Pan, W. (1988). The panda's food and nutritional value. In The Giant Panda's Natural Refuge in the Qinling Mountains, ed. Pan, W., Gao, Z., Lu, Z.et al. pp. 129–46. Beijing:Peking University Publisher. (In Chinese with an English summary.)Google Scholar
Pan, W., Oftedal, O. T., Zhu, X.et al. (1998). Milk composition and nursing in a giant panda (Ailuropoda melanoleuca). Acta Scientiarum Naturalium, 34, 350–1.Google Scholar
Qing, S. (1977). Bamboos and the giant panda in the Min Mountains. Botanical Journal, 3, 38–9. (In Chinese.)Google Scholar
Raven, H. C. (1937). Notes on the anatomy and viscera of the giant panda. American Museum Novitiates, 877, 1–23.Google Scholar
Reid, D. G. and Hu, J. (1991). Giant panda selection between Bashania fangiana bamboo habitats in Wolong Reserve, Sichuan, China. Journal of Applied Ecology, 28, 228–43.CrossRefGoogle Scholar
Robbins, C. T. (1993). Wildlife Feeding and Nutrition, 2nd edn. San Diego, CA: Academic Press.Google Scholar
Schaller, G. B. (1993). The Last Panda. Chicago, IL: University of Chicago Press.Google Scholar
Schaller, G. B., Hu, J., Pan, W. and Zhu, J. (1985). Feeding strategy. In The Giant Pandas of Wolong, ed. Schaller, G. B., Hu, J., Pan, W. and Zhu, J.. Chicago, IL: University of Chicago Press, pp. 37–107.
Sheldon, W. (1937). Notes on the giant panda. Journal of Mammalogy, 18, 13–19.CrossRefGoogle Scholar
Shor, G. (ed.) (2001). Bamboo Source List, Number 21. Albany, NY: American Bamboo Society.Google Scholar
Tabet, R. B., Oftedal, O. T. and Allen, M. E. (2004). Seasonal differences in composition of bamboo fed to giant pandas (Ailuropoda melanoleuca) at the National Zoo. In Proceedings of the Fifth Comparative Nutrition Society Symposium. Hickory Corners, MI, pp. 176–83.Google Scholar
Ullrey, D. E. (1989). Nutritional wisdom (editorial). Journal of Zoo and Wildlife Medicine, 20, 1–2.Google Scholar
Soest, P. J. (1994). Nutritional Ecology of the Ruminant, 2nd edn. Ithaca, NY: Cornell University Press.Google Scholar
Wang, M. (ed.) (1989). A Comprehensive Survey Report On China's Giant Panda and Its Habitat. Ministry of Forestry, Beijing, and the World Wildlife Fund for Nature. (In Chinese.)Google Scholar
Wang, S. and Lu, C. (1973). Giant pandas in the wild. Natural History, 82, 70–1.Google Scholar
Wang, P., Cao, C. & Chen, M. (1982). Histological survey of the alimentary tract of the giant panda. Zoological Research, 3 (suppl.), 27–8. (In Chinese.)Google Scholar
Warnell, K. J. (1988). Feed intake, digestibility, digesta passage and fecal microbial ecology of the red panda (Ailurus fulgens). Master of Science Thesis. East Lansing, MI: Michigan State University.
Warnell, K. J., Crissey, S. D. and Oftedal, O. T. (1989). Utilization of bamboo and other fiber sources in red panda diets. In Red Panda Biology, ed. Glatson, A. R.. The Hague: SPB Academic Publishing, pp. 51–6.Google Scholar
Wei, F., Feng, Z., Wang, Z., Zhou, A. and Hu, J. (1999). Use of the nutrients in bamboo by the red panda (Ailurus fulgens). Journal of Zoology (London), 248, 535–41.CrossRefGoogle Scholar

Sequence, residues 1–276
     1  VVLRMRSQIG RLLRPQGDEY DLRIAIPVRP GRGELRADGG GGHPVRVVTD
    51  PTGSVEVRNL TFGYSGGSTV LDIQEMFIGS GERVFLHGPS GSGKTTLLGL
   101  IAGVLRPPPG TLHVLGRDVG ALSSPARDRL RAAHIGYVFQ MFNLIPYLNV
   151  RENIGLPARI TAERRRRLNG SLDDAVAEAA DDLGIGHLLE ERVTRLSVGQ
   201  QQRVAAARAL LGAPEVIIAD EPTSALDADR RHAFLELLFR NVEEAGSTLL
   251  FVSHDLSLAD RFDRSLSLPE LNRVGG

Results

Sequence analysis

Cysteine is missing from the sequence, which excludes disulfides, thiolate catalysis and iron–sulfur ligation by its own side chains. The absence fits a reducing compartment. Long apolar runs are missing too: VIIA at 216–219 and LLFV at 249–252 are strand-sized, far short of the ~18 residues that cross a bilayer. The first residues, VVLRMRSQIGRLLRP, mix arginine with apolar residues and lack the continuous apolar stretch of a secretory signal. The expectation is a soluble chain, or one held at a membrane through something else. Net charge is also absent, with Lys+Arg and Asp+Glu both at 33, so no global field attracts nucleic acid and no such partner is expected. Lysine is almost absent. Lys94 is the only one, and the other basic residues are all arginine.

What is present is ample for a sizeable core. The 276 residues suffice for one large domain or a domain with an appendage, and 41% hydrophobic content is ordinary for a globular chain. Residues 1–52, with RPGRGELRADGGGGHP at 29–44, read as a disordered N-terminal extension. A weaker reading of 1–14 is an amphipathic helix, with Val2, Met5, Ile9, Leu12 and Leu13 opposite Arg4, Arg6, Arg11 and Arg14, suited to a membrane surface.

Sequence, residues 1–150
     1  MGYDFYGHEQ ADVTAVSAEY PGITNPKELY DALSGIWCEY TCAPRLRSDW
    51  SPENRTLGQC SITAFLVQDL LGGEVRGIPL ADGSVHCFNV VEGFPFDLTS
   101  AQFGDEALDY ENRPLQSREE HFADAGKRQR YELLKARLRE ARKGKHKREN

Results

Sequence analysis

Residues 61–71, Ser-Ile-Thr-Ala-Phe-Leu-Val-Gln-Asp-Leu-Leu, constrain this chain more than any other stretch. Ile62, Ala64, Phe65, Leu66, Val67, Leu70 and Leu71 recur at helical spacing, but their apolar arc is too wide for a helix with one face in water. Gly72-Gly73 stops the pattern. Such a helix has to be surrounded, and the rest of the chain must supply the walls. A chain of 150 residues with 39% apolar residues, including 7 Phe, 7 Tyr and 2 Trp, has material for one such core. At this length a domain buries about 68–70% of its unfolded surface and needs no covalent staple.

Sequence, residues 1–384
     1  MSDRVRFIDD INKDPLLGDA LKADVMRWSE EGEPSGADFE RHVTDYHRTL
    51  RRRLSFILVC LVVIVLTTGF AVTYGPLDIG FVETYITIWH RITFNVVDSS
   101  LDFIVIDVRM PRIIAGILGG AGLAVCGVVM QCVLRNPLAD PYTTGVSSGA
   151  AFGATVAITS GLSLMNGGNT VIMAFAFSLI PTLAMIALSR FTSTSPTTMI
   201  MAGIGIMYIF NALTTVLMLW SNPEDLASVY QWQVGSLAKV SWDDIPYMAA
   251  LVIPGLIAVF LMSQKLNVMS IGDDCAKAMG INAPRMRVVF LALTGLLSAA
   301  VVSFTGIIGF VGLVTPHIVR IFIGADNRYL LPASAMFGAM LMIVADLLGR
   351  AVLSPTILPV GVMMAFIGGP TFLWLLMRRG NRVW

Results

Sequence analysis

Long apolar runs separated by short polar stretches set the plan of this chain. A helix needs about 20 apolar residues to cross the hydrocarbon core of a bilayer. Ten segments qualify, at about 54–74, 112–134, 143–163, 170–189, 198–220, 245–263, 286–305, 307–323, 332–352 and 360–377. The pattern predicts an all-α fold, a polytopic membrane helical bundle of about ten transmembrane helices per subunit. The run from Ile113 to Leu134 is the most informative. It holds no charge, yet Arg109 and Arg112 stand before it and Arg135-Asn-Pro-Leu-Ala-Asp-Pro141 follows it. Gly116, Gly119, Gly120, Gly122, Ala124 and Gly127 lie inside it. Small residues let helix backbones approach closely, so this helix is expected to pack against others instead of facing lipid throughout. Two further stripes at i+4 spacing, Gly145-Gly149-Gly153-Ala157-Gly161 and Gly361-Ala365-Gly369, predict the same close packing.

Yong, Y. (1981). The preliminary observations on the giant panda in Foping Natural Reserve. Wildlife, 4, 10–16. (In Chinese.)Google Scholar
Zhu, X., Lindburg, D. G., Pan, W., Forney, K. A. and Wang, D. (2001). The reproductive strategy of giant pandas (Ailuropoda melanoleuca): infant growth and development and mother-infant relationships. Journal of Zoology (London), 253, 141–55.CrossRefGoogle Scholar
Zou, X., Wang, A., Zou, Q. et al. (1993). The experiment on giant pandas' digestion and metabolism. In International Symposium on the Protection of the Giant Panda, ed. Zhang, A. and He, G.. Chengdu: Chengdu Foundation of Giant Panda Breeding, pp. 284–289. (Chinese manuscript with English abstract.)Google Scholar

Save book to Kindle

To save this book to your Kindle, first ensure coreplatform@cambridge.org is added to your Approved Personal Document E-mail List under your Personal Document Settings on the Manage Your Content and Devices page of your Amazon account. Then enter the ‘name’ part of your Kindle email address below. Find out more about saving to your Kindle.

Note you can select to save to either the @free.kindle.com or @kindle.com variations. ‘@free.kindle.com’ emails are free but can only be saved to your device when it is connected to wi-fi. ‘@kindle.com’ emails can be delivered even when you are not connected to wi-fi, but note that service fees apply.

Find out more about the Kindle Personal Document Service.

Available formats
×

Save book to Dropbox

To save content items to your account, please confirm that you agree to abide by our usage policies. If this is the first time you use this feature, you will be asked to authorise Cambridge Core to connect with your account. Find out more about saving content to Dropbox.

Available formats
×

Save book to Google Drive

To save content items to your account, please confirm that you agree to abide by our usage policies. If this is the first time you use this feature, you will be asked to authorise Cambridge Core to connect with your account. Find out more about saving content to Google Drive.

Available formats
×